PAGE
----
Potato, Onion getting out of reach for poor, ₹150 not enough to buy these veggies

Farm experts are of the view that rising prices of essential commodities coupled with wage deflation and increasing joblessness are pushing poor households to the point of distress despite the government's relief measures

Laxmi Devi (with inputs from PTI)
Updated1 Nov 2020
Prayragraj: A vendor sorts potatoes, at wholesale fruit and vegetable market in Prayagraj, Tuesday, Oct. 27, 2020. (PTI Photo)
(PTI27-10-2020_000043B)
Prayragraj: A vendor sorts potatoes, at wholesale fruit and vegetable market in Prayagraj, Tuesday, Oct. 27, 2020. (PTI Photo) (PTI27-10-2020_000043B)(PTI)

Aloo and pyaz (potato and onion), considered as the poor's basic vegetables, are getting out of reach now as one needs to shell out at least 150 to buy one kg each of these two commodities at a time when the common man is reeling under the COVID-19-induced hardships.

Farm experts are of the view that rising prices of essential commodities coupled with wage deflation and increasing joblessness are pushing poor households to the point of distress despite the government's relief measures.

Not only daily wagers and the economically poor section, but middle class families also are finding it hard to manage their kitchen budget with skyrocketing prices of these two commodities since the last few weeks, they said.

Prices of potato and onion have shot up in both wholesale and retail markets of the national capital and other parts of the country because of tight supplies, the reason that the government attributes to damage to the crop due to heavy rains.

In Delhi, retail onion prices spiked to 80 per kg on October 21 from 20 per kg in June while that of potato to over 70 per kg from 30 in the said period, according to trade data.

In Mother Dairy's Safal outlets, potato was being sold at 58-62 per kg in the last week while onion was hardly available in some outlets.

"With my daily earning of 150-200, I cannot think of buying aloo and pyaz. What will I feed my family of five members? Other vegetables are equally costlier. How do we survive?" Brij Mohan, a rickshaw-puller at Sadar Bazar, cried.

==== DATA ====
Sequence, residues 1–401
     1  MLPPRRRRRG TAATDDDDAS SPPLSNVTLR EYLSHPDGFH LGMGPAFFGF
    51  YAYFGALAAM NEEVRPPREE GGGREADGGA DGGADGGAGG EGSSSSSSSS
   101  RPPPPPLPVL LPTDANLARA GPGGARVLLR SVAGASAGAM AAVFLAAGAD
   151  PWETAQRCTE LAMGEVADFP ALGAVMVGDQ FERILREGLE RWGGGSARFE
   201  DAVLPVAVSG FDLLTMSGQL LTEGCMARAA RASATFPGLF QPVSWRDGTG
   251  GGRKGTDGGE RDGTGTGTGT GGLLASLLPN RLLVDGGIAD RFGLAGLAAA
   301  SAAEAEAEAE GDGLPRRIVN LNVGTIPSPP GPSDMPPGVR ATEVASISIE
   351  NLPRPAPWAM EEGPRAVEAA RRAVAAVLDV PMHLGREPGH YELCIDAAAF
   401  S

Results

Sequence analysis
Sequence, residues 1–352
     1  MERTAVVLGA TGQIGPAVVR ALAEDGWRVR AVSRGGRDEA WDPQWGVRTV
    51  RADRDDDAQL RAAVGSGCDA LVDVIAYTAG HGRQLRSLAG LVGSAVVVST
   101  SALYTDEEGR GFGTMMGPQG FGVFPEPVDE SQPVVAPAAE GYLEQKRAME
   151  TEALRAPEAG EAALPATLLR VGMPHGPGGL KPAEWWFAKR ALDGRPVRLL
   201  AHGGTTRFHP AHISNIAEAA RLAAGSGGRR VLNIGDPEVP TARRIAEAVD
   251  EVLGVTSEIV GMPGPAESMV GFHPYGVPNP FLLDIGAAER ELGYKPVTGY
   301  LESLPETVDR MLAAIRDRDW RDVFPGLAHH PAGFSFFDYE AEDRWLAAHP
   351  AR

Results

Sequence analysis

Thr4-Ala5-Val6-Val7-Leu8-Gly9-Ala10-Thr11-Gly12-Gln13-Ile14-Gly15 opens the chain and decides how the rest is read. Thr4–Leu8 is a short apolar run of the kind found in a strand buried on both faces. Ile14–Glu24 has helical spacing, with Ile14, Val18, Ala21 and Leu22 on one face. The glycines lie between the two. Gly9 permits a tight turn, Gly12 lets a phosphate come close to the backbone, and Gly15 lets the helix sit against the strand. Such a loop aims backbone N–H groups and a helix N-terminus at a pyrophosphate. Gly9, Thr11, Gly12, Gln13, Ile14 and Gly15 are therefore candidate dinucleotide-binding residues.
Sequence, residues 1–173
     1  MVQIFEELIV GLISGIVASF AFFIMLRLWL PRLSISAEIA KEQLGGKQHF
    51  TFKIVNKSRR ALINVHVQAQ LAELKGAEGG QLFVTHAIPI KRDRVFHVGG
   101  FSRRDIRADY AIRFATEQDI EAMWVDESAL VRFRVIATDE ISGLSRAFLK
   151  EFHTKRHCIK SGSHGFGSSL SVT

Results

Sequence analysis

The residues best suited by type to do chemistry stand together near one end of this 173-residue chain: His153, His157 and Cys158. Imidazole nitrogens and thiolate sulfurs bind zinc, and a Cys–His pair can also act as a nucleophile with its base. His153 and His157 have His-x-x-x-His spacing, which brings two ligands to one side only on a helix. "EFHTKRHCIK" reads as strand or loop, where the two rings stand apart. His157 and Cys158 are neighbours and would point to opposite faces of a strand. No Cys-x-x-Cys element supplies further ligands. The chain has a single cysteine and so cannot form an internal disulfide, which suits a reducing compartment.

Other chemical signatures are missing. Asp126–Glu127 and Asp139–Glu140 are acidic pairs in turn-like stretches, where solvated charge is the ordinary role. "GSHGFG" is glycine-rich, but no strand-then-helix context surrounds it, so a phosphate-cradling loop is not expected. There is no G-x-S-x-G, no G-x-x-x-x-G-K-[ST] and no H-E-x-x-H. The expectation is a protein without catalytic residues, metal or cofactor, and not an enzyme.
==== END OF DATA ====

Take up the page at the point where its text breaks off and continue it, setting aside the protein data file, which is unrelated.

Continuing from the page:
Mohan, who hails from Bihar, returned to the national capital to restart his life after the COVID-19 lockdown was lifted.

"But earnings are not that great as people are not very keen to take rickshaws these days due to the fear of infection. Somehow I am managing to meet the house expenses. The rise in prices of vegetables has added to my woes," he said.

Sharing a similar ordeal, carpenter Mustakeen who hails from Uttar Pradesh, stated, "Though life has limped back to normalcy in markets but my earnings are still low. On the top of it, potato-onion prices are touching sky-high. What will I feed my children? Cannot buy even aloo and pyaz."

Mustakeen, who works in Bhogal and Ashram areas of the city, said his hopes of earning extra during Diwali are all dashed to the ground as not many people are interested to get any big carpentry work in this pandemic.

Experts, who do not want to be identified, said as long as the price inflationary pressure persists along with wage deflation and increased joblessness, the measures like free distribution of grains to ration card holders will not fully solve the real problems of the common man.

To give relief to the poor, the government has taken several steps. It is distributing additional foodgrains of 5 kg per person for free via ration shops under the Pradhan Mantri Garib Kalyan Yojana till November.

The government has also launched new PM Street Vendors' Aatmanirbhar Nidhi (SVANidhi) microcredit programme and other steps to help the poor to tide over the crisis.

However, Roma Devi, a housemaid working in Nizamuddin area, said: "No matter how much free grains I get from the ration shop, I have to buy at least potato and onion, else what sabzi my family of five will have with rice or roti?"

"My daily aloo consumption is 1 kg. How will I manage now?" she said as she purchased a half kg potatoes at 70 per kg from a nearby market.

The irony is that India, which was exporting both potato and onion till a few months back, has started importing them now -- a situation which experts say the government could have easily avoided and not left the poor to bear the brunt of price rise at a time the pandemic hit them harder like never before.

According to the official data, the country exported 8,05,259 tonnes of onion till June this year while 1,26,728 tonnes of potato till May.

Last week, Food and Consumer Affairs Minister Piyush Goyal had said about 7,000 tonnes of onion have already been imported by private traders and 25,000 tonnes more are expected to arrive before Diwali. Also, 30,000 tonnes of potatoes are being imported from Bhutan to boost domestic supply.

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